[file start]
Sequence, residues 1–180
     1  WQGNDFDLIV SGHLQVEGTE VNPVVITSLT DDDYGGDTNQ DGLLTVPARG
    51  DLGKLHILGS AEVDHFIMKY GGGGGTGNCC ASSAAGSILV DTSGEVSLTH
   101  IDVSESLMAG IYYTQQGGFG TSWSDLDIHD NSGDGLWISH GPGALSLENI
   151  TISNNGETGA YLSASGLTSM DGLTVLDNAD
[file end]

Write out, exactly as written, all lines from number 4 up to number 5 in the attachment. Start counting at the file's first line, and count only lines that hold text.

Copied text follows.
   101  IDVSESLMAG IYYTQQGGFG TSWSDLDIHD NSGDGLWISH GPGALSLENI
   151  TISNNGETGA YLSASGLTSM DGLTVLDNAD